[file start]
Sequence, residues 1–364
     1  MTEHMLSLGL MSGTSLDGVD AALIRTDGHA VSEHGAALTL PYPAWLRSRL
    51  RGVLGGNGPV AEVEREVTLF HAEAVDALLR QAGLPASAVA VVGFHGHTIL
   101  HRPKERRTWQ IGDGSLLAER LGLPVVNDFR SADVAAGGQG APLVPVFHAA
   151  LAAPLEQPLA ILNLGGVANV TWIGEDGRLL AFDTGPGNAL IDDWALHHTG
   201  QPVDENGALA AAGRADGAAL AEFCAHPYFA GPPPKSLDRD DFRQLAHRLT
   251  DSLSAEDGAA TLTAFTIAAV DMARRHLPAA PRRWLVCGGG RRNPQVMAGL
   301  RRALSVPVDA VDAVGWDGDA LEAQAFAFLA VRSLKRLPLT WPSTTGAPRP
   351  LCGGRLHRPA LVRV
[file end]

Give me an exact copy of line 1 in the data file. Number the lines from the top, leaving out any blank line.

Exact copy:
Sequence, residues 1–364